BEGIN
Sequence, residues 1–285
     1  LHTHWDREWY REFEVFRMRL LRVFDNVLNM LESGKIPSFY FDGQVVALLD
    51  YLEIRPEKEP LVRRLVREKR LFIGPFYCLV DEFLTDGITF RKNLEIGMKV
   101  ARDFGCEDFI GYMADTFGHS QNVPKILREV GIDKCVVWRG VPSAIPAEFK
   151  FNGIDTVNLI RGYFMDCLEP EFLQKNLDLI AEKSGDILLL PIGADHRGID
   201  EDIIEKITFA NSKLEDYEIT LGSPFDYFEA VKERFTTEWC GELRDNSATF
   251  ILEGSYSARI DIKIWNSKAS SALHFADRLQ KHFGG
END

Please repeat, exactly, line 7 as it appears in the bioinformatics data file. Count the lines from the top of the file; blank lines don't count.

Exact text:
   251  ILEGSYSARI DIKIWNSKAS SALHFADRLQ KHFGG